Dog Grooming and Style Guide
A routine grooming and style guide for our most popular breeds seen at Hounds Lounge Pet Resort and Spa.
Keeping up with your fur child’s grooming schedule can seem daunting at times, especially around shedding seasons. Dawg hair is a major issue facing all dog moms and dog dads!
From avoiding mats and tangles to keeping our fur child’s coat looking pawsome, our dog groomers know just how challenging this can be. Because we want to help you help your fur babe be healthy, happy and well-taken care of, we’ve created a dog grooming and styling guide for our most popular breeds at the Lounge, including Golden Retrievers, Goldendoodles, Labradoodles, Huskies, and Dachshunds.
Read on to dig up all your answers about how to groom and maintain your pooch’s healthy coat, nails, and more.
The Bare Bones of Dog Grooming
Regular dog grooming, including brushing and nail trimming, can go a long way in helping your pooch become accustomed to being handled, bathed and trimmed. Some dawgs can develop severe grooming anxiety and must be handled with great care and gentleness. With a routine grooming schedule and plenty of patience, doggos can become more used to being pampered while enjoying the bountiful health benefits.
Regularly brushing your woof’s coat and performing mani-pedis on your pooch will help prevent severe coat matting, reduce shedding, keep his or her nails at a healthy length, and will help prevent skin and ear infections. So get comfy and use this grooming and style guide to help keep your furbabies looking silky-smooth and fabulous.
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Brush and Comb Types
Different strokes for different doggos, right? When deciding to regularly groom your dog, it’s important to have the right equipment. Trust us, it’ll make your job a lot easier!
There are several different brush types that work well on different breeds.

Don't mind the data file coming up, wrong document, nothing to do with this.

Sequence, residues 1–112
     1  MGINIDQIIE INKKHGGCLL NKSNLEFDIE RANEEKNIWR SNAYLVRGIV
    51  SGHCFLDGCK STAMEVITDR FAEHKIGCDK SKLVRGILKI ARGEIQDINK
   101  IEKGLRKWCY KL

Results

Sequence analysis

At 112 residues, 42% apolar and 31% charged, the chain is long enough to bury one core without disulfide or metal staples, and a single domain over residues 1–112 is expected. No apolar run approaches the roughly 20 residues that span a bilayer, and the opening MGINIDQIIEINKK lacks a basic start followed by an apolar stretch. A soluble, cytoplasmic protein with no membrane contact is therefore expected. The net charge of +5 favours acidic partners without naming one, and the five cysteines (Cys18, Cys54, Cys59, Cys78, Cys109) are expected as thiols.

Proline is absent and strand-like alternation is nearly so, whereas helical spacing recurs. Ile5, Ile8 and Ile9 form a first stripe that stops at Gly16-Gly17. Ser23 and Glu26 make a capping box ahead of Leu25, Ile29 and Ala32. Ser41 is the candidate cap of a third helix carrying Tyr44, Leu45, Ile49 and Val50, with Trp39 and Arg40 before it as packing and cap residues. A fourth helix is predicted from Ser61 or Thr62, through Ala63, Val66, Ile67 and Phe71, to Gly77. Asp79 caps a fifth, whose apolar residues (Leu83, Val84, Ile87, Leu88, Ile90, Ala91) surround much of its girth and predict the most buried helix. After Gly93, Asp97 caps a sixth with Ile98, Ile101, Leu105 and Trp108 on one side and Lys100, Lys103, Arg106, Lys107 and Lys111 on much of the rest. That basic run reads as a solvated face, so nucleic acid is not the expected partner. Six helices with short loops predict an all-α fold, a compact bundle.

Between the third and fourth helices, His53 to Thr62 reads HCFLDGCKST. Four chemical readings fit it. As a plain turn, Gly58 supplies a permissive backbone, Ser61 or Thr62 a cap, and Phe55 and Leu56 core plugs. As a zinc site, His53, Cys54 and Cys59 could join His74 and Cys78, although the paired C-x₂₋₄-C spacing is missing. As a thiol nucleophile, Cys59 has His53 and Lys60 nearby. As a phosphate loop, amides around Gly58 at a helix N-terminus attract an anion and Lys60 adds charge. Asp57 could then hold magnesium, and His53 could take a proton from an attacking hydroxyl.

- Slicker Brushes – These brushes have small, fine wire bristles. These brushes are best used on medium to long-haired dogs with thick coats. The brush works well to reduce the amount of shedding out of the undercoat of dogs such as Golden Retrievers and Labradoodles.
- Rakes – Also known as de-matting combs, these brushes work well in breaking up mats that are close to the skin on dogs with thick fur and undercoats. It’s important to keep matting to a minimum as these hairy knots can be painful to our beloved pooches and can cause discomfort when getting a professional groom.
- Bristle Brushes – These brushes are made up of tightly-packed bristles and work best on short-haired dogs such as Short-Haired Dachshunds and Weimaraners to remove loose hairs and reduce shedding.
- Steel Combs – Steel combs can be used after a slicker brush on medium to long-haired breeds to break up any remaining tangles or mats. These also give your pooch’s coat a nice smooth texture.
Nail Trimming Tools by Breed Size
Nail trimming can be a grooming task that goes largely ignored until woofs come in for a full spa day and dog grooming at Hounds Lounge. Keeping up with your woof’s nail trim schedule can often prevent painful breaks in the nails and any bleeding that may result. It is best that all doggos receive a nail clipping once a month to prevent any issues or breaks.
Here’s a guide to finding the right nail trimming tools for your woof:
- Scissor Clippers – these clippers often work best on large dogs with thick nails. It’s extremely important to make sure not to clip the quick, or live part of the nail. You should be able to see a small dark center inside the nail when viewing it head-on – this is the quick and the nail should not be cut too close to this point.
- Guillotine Clippers – this type of clipper will work best on small to medium-sized dogs whose nails will be able to fit in the smaller opening. These clippers work by gently cutting off portions of the nail grown out past the quick with a blade plate that slides underneath a circular opening in which the dog’s nail fits into.
- Dremel – This particular type of nail file is electric and uses grinding to reduce the length of your doggo’s nails. This electric file can take some time to get your fur babe used to, so be patient and go slow.
Complete Grooming and Style Guide for Golden Retrievers
Golden Retrievers often need less trimming than breeds such as Poodles or Labradoodles. This is because of a Golden’s medium-length double coat. These coats help our beautiful blonde furbabies regulate their body temperature during the winter and summer months. The overcoat, or longer topcoat, protects your beautiful golden doggo from the sun’s rays in the summer, while the undercoat, a dense layer of shorter hair, sheds in the summer to keep him cooler and grows back before the winter for an extra-warm layer of insulation.